When I put my money down on my PlayStation 4, I heard from everyone under the sun how I made the wrong choice because “everyone knows PlayStation controllers suck.” This really caught me off-guard because I never really had an issue with the PS3 controllers, let alone any problems with the console until the end.

Well, I guess yesterday was the day to discover these people may have been right. It seems the left analog control on my PlayStation DualShock controller (hereby known as the DS4) had determined the moving right was not in the cards for me and that I would rather head 90 degrees in the backward direction. And as clicking down said control was generally accepted as the means to engage the run mechanism, I was going to have to be satisfied with walking wherever my characters wanted to go.

Consider me frustrated.

Fortunately, or as I’ve now learned unfortunately, I purchased the PlayStation Protection Plan when I received my PS4 on launch to give myself a sense of security that should something every go wrong, Sony would have my back. The plan not only extended the one year limited warranty to three years, it also included accident damage and wear-and-tear under the warranty for a lean price of $49.99 – how could I pass that up?

That’s not all! It also highlighted “no out-of-pocket expenses for qualified claims” and a “pre-paid shipping box” should something go wrong. Talk about a solid setup.

So knowing all of this, I tempered my frustrations and gave Sony’s exclusive Protection Plan call centre a ring to arrange for my DS4 to be repaired or replaced. Sure this would mean I’d have to give up fragging Atheon in Destiny for a spell, but I could probably use the break anyway. A pleasant woman by the name of Jamie picked up the phone, heard out my issues and told me she’d be happy to take care of everything. I provided her all my information, my plan number, and boom… we had a case number.

And then the bad news – I’d have to pay to ship the controller to Sony.

Colour me confused. I asked Jamie why I had to pay as the plan indicated I wouldn’t need to. Would I get reimbursed once they qualified my claim? She told me no. Had I not said the magic words? No magic words she replied. Jamie went on to tell me that the free shipping and all that mumbo jumbo was for the console itself and not the controller.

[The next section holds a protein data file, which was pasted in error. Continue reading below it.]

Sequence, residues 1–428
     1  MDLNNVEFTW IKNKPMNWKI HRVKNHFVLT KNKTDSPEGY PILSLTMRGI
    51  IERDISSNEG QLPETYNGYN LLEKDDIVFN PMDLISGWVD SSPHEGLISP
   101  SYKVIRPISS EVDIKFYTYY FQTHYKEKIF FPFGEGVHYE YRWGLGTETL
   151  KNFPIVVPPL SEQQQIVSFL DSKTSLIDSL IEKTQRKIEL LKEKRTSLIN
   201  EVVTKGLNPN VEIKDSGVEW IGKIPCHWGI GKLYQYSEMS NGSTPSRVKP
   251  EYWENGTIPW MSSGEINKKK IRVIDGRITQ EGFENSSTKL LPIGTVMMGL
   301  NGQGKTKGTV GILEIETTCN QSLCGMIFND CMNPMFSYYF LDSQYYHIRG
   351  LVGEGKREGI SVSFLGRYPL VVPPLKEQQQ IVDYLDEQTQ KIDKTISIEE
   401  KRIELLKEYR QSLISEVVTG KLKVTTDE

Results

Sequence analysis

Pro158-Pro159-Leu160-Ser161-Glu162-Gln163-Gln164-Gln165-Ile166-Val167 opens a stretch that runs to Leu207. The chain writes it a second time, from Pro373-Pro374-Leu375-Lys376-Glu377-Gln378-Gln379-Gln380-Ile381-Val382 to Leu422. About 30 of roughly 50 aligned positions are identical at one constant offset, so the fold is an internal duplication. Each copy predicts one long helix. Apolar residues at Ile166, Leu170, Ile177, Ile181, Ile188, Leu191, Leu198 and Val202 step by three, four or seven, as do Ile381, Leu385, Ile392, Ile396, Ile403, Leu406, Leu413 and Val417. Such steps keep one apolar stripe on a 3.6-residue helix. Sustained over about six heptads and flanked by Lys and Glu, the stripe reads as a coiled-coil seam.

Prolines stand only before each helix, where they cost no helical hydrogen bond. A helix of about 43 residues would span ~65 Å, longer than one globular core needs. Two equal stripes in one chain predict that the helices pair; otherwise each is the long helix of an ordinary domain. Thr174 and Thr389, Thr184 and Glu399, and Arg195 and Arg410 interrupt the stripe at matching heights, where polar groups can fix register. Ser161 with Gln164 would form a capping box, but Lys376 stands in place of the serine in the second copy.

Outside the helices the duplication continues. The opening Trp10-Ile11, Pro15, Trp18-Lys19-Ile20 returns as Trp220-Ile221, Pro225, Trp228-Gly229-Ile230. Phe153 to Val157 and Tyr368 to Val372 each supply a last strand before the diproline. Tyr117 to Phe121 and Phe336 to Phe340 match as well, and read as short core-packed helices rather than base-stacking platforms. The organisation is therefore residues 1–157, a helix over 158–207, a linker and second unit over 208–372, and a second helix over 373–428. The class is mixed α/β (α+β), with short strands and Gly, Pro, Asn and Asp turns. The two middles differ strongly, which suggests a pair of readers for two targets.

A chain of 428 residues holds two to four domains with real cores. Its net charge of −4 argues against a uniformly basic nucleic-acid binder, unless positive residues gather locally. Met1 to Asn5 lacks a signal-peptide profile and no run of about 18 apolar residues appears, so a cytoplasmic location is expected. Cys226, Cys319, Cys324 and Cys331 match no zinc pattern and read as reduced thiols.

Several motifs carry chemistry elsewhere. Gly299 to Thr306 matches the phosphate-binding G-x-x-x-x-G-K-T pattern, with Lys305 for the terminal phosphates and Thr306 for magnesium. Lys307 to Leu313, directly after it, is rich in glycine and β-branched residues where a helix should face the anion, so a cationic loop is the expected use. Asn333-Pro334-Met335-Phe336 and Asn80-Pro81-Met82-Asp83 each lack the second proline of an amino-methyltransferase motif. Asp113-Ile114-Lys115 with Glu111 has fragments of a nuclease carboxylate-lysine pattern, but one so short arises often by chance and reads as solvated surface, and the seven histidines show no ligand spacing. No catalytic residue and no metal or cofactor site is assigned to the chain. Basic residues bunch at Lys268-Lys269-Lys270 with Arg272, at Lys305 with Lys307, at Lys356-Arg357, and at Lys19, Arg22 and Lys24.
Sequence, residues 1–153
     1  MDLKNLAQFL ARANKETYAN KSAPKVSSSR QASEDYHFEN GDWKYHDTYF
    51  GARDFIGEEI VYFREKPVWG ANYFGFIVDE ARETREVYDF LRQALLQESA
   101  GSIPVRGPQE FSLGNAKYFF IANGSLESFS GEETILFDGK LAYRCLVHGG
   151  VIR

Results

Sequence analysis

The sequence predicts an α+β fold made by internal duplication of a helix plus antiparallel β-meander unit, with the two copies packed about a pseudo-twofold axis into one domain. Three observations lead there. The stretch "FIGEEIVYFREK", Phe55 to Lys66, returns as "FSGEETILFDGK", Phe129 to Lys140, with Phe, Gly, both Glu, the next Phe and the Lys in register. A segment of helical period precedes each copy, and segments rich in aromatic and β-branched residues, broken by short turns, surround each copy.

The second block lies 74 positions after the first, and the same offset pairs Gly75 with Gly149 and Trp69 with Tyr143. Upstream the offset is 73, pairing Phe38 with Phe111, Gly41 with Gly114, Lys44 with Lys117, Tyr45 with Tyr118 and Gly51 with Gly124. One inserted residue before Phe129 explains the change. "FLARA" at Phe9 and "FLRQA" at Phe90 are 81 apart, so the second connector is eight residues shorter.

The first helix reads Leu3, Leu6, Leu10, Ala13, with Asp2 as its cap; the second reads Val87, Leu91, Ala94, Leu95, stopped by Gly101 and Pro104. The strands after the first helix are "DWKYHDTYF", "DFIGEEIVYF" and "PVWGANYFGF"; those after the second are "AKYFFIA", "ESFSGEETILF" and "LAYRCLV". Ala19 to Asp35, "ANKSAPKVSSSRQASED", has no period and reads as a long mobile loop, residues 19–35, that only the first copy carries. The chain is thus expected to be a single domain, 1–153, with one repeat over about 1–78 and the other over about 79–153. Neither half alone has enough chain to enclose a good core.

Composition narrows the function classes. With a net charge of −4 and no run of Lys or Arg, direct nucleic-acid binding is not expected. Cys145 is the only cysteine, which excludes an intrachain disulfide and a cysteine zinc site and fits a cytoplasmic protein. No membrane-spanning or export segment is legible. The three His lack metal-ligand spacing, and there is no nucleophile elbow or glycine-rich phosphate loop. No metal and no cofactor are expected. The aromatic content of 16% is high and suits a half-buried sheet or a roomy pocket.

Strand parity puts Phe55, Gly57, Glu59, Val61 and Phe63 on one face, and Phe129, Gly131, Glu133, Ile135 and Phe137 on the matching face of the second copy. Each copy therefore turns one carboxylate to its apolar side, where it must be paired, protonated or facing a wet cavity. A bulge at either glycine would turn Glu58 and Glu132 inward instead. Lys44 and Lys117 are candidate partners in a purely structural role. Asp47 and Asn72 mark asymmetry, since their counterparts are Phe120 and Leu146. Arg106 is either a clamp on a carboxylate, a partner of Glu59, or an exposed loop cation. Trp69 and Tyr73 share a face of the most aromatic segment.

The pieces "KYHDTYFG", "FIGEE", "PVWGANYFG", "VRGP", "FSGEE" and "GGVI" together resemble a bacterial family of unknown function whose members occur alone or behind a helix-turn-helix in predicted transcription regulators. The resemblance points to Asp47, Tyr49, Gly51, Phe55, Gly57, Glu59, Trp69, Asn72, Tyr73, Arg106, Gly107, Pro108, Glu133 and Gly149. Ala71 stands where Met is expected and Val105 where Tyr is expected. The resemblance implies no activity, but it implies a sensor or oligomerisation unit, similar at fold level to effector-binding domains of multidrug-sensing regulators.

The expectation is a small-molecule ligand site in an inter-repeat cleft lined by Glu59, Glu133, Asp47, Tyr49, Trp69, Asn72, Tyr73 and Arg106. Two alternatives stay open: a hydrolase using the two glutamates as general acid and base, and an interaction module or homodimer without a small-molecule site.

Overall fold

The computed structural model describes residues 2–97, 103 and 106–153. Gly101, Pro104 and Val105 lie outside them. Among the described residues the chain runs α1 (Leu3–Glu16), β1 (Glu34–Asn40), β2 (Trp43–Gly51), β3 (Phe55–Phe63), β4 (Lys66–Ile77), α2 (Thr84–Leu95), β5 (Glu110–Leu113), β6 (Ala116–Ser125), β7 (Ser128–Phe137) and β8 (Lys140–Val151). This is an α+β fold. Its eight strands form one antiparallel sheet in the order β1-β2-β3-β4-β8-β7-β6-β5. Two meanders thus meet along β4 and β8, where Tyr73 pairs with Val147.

That made no sense. Why not send me the big box and I’d ship the controller and lots of paper back?

I proclaimed that my expectations were not being met and asked if there was anything she could do. I outlined my case and asked where I had misunderstood, or misread, or simply remained ignorant. Jamie had nothing. After asking who else I could speak to that could hear me out, she transferred me over to Andrew – a Supervisor – and he said much the same thing.

I was at a loss. How does “no out-of-pocket expenses for qualified claims” and a “pre-paid shipping box” turn into no box and money out-of-pocket? Andrew could not even venture to provide a reason and advised me as much, and let me know the only recourse was to send an email to the corporate office and hope for the best. I told Andrew I’d work with him to come up with a creative solution, but there were none to be had. There was nothing he could do.

The email has obviously been sent.

So what does this all have to do with customer expectations you ask? Well, I’d like to think I’m a reasonable person and decided that as Sony had clearly left me disappointed I would do them a favour. I’d work with their organization to ensure further customers who had similar issues wouldn’t encounter the same frustration I was experiencing that very moment. I’d take my lumps and live with it. Chris lives without, but the intrinsic benefit of enabling change would suffice.

But it appears that Sony isn’t entirely concerned with this. They’d rather I talk publicly about it on this soap box here and let me send an email to an inbox with no promise of reply. I’d like to think I’ve been reasonable and I’d like to believe I made every effort to come up with a solution amicable to all parties. I asked for nothing more than what I felt was to be expected and even looked to meet in a place where both parties had to stretch.

So here I blog. If you’ve gotten to this point of my tale and wonder, “Should I get the PlayStation Protection Plan?” My answer is “I don’t know.” If my PS4 kacking out means I can replace it for the modest cost of shipping, then I suppose it still is.

I just wish Sony was more transparent.